From the Editors: Roaring, Rewriting, and Roving for Restaurants
May 22, 2019
Winter is over.
Just like Game of Thrones, all things must come to an end. As many of us know very well, however, not everything goes quite the way we want it to. Prior to the show's series finale, over one million fans signed an online petition on Change.org, asking for showrunners David Benioff and D.B. Weiss to remake the entire last season. It's a new level of community involvement in the face of what they feel to be poor decisions. Back in the north(west) of Pennsylvania, there's an oddly similar feeling happening.
Things are being rewritten all the time. One such thing is Roar on the Shore. Recently, the motorcycle festival announced plans to relocate from Downtown Erie to the Lake Erie Speedway in North East. As reported by the Erie Times-News, after last year's festival ended up costing the City of Erie almost $139,000, Erie Mayor Joe Schember chose to have around half of that paid for by the event, forgoing a 2018 payment for $69,304 due this year. A disagreement about that bill led to the choice to relocate. Schember told Erie News Now that he was "sorry to lose them from Erie, but "happy that they found a good location," speaking about the Speedway location.
To some, this was mourned, to others, it was celebrated. If you're wondering where we stand, here's a little backstory on some of the Erie Reader's commentary on this event: In 2015, Jim Wertz wrote that "Roar on the Shore feels more like the flu. It comes on fast and you're grateful when it's gone." In a 2014 edition of our very own From the Editors column, we wrote: "A better dialogue between those running the event and the small businesses in our area needs to be had so that we're not having the same conversations come July 2015."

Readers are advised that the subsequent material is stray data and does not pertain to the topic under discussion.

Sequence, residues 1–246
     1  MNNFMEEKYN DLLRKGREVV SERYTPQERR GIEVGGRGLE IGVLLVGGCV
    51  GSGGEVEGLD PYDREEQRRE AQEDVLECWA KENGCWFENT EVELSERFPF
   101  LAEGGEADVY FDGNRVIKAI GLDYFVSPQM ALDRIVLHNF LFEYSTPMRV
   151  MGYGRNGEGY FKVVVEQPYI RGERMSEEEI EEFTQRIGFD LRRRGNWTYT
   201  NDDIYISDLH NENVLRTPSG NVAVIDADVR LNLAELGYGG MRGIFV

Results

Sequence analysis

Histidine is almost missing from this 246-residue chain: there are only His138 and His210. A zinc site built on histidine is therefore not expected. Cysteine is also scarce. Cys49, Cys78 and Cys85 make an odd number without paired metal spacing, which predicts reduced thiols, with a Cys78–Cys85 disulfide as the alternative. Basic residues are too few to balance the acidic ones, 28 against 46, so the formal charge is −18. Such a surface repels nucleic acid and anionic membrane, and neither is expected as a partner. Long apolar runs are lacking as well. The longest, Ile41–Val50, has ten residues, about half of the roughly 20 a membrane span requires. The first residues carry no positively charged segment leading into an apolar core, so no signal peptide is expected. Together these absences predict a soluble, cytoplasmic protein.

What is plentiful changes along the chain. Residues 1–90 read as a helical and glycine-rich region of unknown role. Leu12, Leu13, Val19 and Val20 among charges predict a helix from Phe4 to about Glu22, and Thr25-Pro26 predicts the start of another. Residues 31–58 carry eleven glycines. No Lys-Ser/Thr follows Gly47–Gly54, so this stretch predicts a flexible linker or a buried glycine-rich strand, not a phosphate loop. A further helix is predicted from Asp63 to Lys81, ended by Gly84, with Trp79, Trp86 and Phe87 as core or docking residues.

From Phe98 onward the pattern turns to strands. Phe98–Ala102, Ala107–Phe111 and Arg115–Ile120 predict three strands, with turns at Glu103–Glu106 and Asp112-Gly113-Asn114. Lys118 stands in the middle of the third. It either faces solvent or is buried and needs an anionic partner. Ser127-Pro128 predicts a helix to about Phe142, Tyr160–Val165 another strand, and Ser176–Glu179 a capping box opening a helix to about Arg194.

A better dialogue is one thing that Liz Allen suggests that the Erie Downtown Development Corporation have as well. As Allen writes: "Instead of garnering positive PR, the EDDC has had to play defense to explain why it was evicting three restaurants, all started by immigrants, and why it intends to demolish two historic structures."
As we can see, these conversations were repeated. And repeated. In 2016, the Gears and Grub Festival started, as a local response to Roar on the Shore and their much-maligned lack of true local involvement. The event took off, and crowds flocked to the West Erie Plaza to visit local food trucks and hear local bands. While increasing renovations and new, thriving brick-and-mortar businesses began to account for the festival's lot space, they've managed to get permits in order to move the festival to Downtown Erie while Roar is going on elsewhere.
These food trucks are the focus of Nick Warren's update about the state of Erie's mobile vendors. While last year saw a visible swell in both support and the sheer number of vendors, challenges still remain, as the Erie Food Truck Alliance thrives, and the Erie Food Truck Festival in Lawrence Park kicks off a string of events not just catered by these eateries, but in celebration of them.